Some people laugh without any humor involved at all. Laughing can be a coercive tactic to get attention or to make yourself appealing to others. It can be a way to try to elevate your status or appear fulfilled. (Source: WebMD)

Some Other Facts About Laughter:

  • Women laugh more than men.
  • Speakers laugh more than their audience.
  • Everyone can laugh, whether you are mute, deaf, blind, or not.
  • You can laugh before you have language.
  • The amount you laugh is thought to be genetically tied.
  • People laugh more in social settings, but also laugh alone.

Laughter is more about socializing than anything being funny.

And we’ve all had experiences where we think something is humorous or funny but not laughed at all. Why is this?

You can find the humor in something because of your ability to put the ‘thing’ in context. However, as we age, and depending on the situation, we might not feel inclined to actually laugh out loud.

What are the different types of humor? According to scientists, there are 4 types of humor.

  1. Affiliative- This is humor that is shared among friends and expands friendships.
  2. Self-enhancing- This is humor that makes you feel better; it’s a way to elevate yourself in situations.
  3. Aggressive-This is humor that is like bullying; it’s putting others down through teasing and ridicule.
  4. Self-defeating humor- This is also known as ‘self-deprecating’ humor; it puts yourself down to be humble while making others laugh for amusement.

Now, different kinds of genres of humor can fall under these categories, and could even fall under several. Some of those sub-genres of humor are slapstick; wry humor; dry or deadpan humor; shock humor; and dark humor.

How To Make the Right Humor Contagious

A family with a shared sense of humor is believed to have stronger bonds.

Now that we understand that humor is contagious, there’s power in that. And responsibility to apply humor most appropriately with our kids.

Parents, and those in charge of kids, must apply humor thoughtfully for it to be healthy and effective. Humor builds relationships, engages, informs, and calms anxieties and stress. And since humor is contagious, you want to use the right kind of humor with kids because they’ll be mimicking you.

Let’s consider how teachers should use humor for it’s contagious factor, and then parents in the next sections.

Contagious Humor- Teacher Version

Professor David Tarvin, who teaches at Texas A & M, gives talks to explain how to add humor in the classroom.

Teachers can benefit from humor is contagious in several ways. As a retired teacher with decades experience teaching kids from 6 to college-age, I can affirm this wholeheartedly.

Professor David Tarvin of Texas A & M says that teachers can add humor in the classroom in 3 effective ways.

  1. Use associations: Teachers can do this by incorporating familiar objects or film into their classroom, focusing on comedy connections.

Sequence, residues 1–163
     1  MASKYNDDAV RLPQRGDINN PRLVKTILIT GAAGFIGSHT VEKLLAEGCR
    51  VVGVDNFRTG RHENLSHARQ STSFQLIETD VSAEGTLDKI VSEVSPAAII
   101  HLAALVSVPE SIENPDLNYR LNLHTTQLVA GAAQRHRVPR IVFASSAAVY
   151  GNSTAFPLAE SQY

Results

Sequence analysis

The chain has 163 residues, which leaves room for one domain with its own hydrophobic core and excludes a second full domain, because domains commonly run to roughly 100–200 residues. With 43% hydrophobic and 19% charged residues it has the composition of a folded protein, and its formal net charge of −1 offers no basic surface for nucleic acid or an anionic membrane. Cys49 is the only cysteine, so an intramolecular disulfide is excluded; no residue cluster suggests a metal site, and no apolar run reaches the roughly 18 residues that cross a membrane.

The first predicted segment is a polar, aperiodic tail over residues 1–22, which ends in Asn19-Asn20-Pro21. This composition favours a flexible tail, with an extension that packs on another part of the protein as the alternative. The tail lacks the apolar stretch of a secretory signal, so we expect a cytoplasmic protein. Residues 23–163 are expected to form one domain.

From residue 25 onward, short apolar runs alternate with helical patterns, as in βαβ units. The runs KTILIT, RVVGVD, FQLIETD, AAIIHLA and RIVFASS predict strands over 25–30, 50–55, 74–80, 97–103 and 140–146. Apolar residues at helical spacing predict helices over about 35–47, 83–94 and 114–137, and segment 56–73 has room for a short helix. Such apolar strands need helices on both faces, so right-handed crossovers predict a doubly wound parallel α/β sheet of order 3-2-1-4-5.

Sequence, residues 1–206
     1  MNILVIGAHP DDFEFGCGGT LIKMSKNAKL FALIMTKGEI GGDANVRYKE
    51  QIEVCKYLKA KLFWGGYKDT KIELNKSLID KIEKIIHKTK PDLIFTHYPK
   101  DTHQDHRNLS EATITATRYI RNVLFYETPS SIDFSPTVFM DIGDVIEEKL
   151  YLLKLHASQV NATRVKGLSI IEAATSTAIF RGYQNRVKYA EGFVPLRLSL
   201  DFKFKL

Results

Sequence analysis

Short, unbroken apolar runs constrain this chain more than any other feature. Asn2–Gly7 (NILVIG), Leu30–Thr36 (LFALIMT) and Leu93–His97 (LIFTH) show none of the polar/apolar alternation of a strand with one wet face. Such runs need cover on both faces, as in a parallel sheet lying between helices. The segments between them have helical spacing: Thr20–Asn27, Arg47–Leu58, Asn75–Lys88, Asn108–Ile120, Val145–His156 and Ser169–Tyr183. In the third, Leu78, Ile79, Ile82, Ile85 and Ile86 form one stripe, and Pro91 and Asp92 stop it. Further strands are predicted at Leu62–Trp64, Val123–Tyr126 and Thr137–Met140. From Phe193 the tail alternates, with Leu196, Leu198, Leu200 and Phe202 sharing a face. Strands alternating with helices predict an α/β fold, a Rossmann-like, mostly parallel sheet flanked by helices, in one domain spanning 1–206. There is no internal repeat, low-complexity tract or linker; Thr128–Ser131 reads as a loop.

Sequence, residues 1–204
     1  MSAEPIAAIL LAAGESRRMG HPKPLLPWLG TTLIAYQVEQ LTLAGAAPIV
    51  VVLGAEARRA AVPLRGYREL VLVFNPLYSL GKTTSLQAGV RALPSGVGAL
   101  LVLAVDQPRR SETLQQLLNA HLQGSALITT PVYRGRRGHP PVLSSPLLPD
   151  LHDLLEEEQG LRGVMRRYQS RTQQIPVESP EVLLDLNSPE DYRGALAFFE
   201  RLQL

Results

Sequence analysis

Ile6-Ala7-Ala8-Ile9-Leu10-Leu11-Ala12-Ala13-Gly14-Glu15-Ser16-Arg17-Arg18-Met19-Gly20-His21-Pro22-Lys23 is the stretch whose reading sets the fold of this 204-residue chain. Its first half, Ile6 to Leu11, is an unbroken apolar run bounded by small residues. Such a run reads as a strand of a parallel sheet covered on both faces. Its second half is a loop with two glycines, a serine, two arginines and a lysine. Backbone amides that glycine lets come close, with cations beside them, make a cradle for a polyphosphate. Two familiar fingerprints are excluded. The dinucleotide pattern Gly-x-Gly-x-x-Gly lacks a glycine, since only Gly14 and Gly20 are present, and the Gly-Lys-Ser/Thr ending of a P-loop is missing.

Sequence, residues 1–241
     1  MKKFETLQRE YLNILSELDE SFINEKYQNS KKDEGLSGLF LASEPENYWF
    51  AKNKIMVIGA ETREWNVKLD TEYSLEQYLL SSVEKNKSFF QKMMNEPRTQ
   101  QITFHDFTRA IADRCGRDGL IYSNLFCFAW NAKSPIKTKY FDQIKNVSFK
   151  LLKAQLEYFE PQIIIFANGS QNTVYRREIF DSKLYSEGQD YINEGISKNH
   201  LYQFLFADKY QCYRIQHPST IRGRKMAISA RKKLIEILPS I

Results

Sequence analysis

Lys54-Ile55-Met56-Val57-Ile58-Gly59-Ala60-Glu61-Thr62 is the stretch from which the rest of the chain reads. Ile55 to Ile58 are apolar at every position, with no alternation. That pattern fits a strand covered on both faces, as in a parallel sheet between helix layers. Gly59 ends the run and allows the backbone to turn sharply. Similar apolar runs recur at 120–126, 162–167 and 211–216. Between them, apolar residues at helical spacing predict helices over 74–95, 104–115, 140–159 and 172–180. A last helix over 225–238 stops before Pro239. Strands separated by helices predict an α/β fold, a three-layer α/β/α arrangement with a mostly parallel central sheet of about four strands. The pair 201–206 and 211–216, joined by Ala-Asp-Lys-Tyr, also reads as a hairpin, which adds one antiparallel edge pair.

2. Use applied improv: Teachers can do this via interactive activities with kids. Chants and charades are examples.
  3. Use personal stories: Incorporating your own stories into lessons and instructions is very effective for engagement and connection, and when you can tell personal ’embarrassing’ stories it’s even better for kids.

Now besides building relationships and community connections with your student by using humor, remember humor is contagious. So what you’re modeling will be the kind of humor your kids will throw back at you.

And from a teacher point of view I can tell you that you want them throwing back positive, kind humor!

Teacher Tip: Avoid resorting to too much irony or satire; relying on sarcasm; or using humor that is over kids’ maturity level.

Contagious Humor- Parent Version

Douglas Wilson’s book, Why Children Matter (available on audio with a trial Audible membership), puts a focus on training up kids to love and know God, and having a sense of humor in the family goes along with that. Humor is contagious with your children, too.

Parents can use humor for strengthening their family bonds; for instructing their children; for lightening the mood when family tensions are elevated, and more. And just like with teachers, parents want their kids mimicking the right kind of humor. After all, humor is contagious, right?

Ways to Make the Right Humor Contagious for Parents:

  • Be silly. Whether it’s dad wearing an apron on his head or mom sticking funny notes around the house, there are a plethora of ways to act silly with your kids. When your kids know that being silly is okay, they’re more likely to be silly too.
  • Watch comedies together. It’s tricky to find family friendly comedies, but you can start with using Common Sense Media or IMDB‘s Parent Guide to vet movies for kid-appropriateness.
  • Play family games. When you play games, you’re bound to joke and use humor. Some good family games are old favorites like Monopoly or Scrabble and new classics like Exploding Kittens and Throw Throw Burrito.

Parent Tip: Be careful to keep humor impersonal with your kids. It’s easy to fall into the trap of poking fun at insecurities or mistakes with your kids, but this is truly detrimental and not conducive to promoting a healthy sense of humor in your kids.

Humor Is Contagious Punchline

So what’s the punchline for humor is contagious? That it is, indeed!

But you also need to remember a few other things, too.

Humor is the ability to see things as funny and to apply that. And the more you do it, the more it’s spread to others and comes back to you. This is the contagious factor of humor.

And with kids, you want to provide the right kind of humor- humor that’s affiliative and enhances relationships. It also means limiting sarcasm and other forms of dark humor.

For further reading about humor, I recommend these Fun Jokes articles:

Jackie Booe

A mother to four kids, grandmother ("Oma") to a growing number, a retired teacher for over 18 years, and a wife to Mat since 1994, Jackie knows kids and laughter. She holds a license to teach in 3 states and is certified to teach elementary, secondary English, and English Language Learners, with practical experience at all levels. She holds three degrees in the field of education and has taught education courses online at the university level as an adjunct professor, too. She has mentored numerous education interns, hosted professional development for educators, and tutored, in addition to homeschooling her own children.